198. Memorandum From Jack Matlock of the National Security Council Staff to the President’s Assistant for National Security Affairs (McFarlane)1


  • U.S.-Soviet Relations: Thoughts on Where We Stand

We have gotten some very mixed signals from the Soviets recently. On the one hand, Dobrynin seemed very upbeat after seeing the President’s letter,2 and Menshikov was relatively positive in his conversation with me last week.3 But we also have the curious treatment of Brent,4 Gromyko’s hard-line approach in his meeting with Hartman,5 and the very rigid Soviet position taken in talks with the Dartmouth group last weekend.6 Is there any sense in this pattern?

First, we should not be surprised that the Soviets continue to maintain a fairly rigid line on matters of substance at this point. They obviously want to test how far they can push us before they begin moving in our direction. Therefore, we should not be surprised either by Gromyko’s stance with Hartman, or the line taken by Soviet interlocutors with the Dartmouth group.

Brent’s treatment is more problematical. I believe that either a decision was made over last weekend to harden the Soviet position, or else his treatment was a reaction to our effort to have him see Chernenko, without advance warning. Menshikov was clearly under the impression last Wednesday that he was meeting with Zagladin, so this meeting must have been planned and expected when Menshikov left Moscow March 8. The letter and the effort to secure an appointment with Chernenko may, however, have caused problems. Gromyko could have seen it as an effort to bypass him, or as an effort to obtain a publicized meeting which we could present as constituting negotiations on START. In any event, his treatment could well have reflected such [Page 716] protocollary and bureaucratic factors rather than a refusal to listen to what we have to say on this subject.

If this is the case, it would suggest that we should not jump to conclusions about the Soviet position at this time. Chernenko’s reply to the President’s letter will provide the most authoritative indicator, as will Soviet willingness to move ahead expeditiously on some of the bilateral measures mentioned in the President’s letter and by Shultz to Dobrynin.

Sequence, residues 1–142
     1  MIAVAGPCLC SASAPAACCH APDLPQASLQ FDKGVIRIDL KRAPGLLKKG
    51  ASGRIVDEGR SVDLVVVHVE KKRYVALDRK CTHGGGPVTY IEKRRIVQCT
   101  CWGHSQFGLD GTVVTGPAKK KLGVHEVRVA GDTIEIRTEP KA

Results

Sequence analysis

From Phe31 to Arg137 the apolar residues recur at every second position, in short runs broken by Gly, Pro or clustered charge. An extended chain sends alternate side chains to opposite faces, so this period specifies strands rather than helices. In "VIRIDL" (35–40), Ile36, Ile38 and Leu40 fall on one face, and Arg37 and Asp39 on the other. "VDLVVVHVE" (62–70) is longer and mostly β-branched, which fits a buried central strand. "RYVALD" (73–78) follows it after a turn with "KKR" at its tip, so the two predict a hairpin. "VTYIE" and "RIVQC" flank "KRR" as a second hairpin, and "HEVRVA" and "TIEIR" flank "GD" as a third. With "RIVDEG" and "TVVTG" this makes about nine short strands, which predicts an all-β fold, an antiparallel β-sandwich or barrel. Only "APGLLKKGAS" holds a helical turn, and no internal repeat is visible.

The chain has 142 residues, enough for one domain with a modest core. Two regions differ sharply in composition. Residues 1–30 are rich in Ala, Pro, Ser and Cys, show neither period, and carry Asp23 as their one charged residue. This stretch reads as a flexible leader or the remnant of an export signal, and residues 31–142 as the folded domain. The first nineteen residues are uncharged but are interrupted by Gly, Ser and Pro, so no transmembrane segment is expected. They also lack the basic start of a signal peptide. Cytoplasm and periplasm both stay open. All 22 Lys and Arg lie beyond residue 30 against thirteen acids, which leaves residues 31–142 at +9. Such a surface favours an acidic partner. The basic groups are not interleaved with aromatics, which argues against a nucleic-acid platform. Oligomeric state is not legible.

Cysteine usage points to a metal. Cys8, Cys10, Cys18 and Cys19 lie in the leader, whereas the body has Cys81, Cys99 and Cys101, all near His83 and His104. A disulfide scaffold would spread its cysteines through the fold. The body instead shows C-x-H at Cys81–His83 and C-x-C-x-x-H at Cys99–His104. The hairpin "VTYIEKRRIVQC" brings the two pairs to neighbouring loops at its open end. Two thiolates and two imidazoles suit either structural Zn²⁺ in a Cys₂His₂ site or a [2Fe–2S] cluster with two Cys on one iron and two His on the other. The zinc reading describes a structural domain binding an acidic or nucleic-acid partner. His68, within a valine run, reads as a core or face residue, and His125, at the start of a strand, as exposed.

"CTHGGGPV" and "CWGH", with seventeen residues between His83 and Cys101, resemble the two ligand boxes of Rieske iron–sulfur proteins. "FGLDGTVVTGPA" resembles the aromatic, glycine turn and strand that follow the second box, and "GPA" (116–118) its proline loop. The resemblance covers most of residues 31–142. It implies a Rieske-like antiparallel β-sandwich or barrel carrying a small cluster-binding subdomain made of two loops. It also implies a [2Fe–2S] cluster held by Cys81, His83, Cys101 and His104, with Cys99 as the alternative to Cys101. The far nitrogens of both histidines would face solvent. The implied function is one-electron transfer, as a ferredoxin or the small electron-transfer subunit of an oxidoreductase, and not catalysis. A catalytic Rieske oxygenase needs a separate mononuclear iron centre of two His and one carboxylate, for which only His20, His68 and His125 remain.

At this point, I believe our stance should be to wait for the next Soviet move and avoid showing too much eagerness. Nevertheless, we must recognize that time is slipping by, and that a meeting can probably not be arranged on the spur of the moment. Therefore, we should continue to prepare our positions as rapidly as we can so that if there is Soviet movement, we will be able to move rapidly.

We also need to give some thought to how the timing of a meeting affects our tactics. If July is the optimum time, then we would need to have the question under discussion by early May at the latest. If the possible agenda is not shaping up by then, the President will need to decide whether he wants us to pursue some of the topics more aggressively (at the risk of losing some negotiating leverage), or of reconsidering the possibility of shooting for a meeting in September in connection with the UNGA. In either case, however, we must recognize that if we want the meeting more than they do, they will have an advantage, since by stalling they tend to increase our incentives to give them something. It might be useful to discuss this factor with the President privately, in order to obtain his thoughts and guidance.

  1. Source: Reagan Library, Jack Matlock Files, USSR Subject File, US-USSR Relations (March 1984) 3/3. Top Secret; Sensitive. Not for System. Sent for information. The memorandum is unsigned.
  2. During their March 7 meeting, Shultz gave Dobrynin a letter to Chernenko from the President. See Document 190.
  3. See Document 195.
  4. See Document 193.
  5. See Document 196.
  6. See Document 193.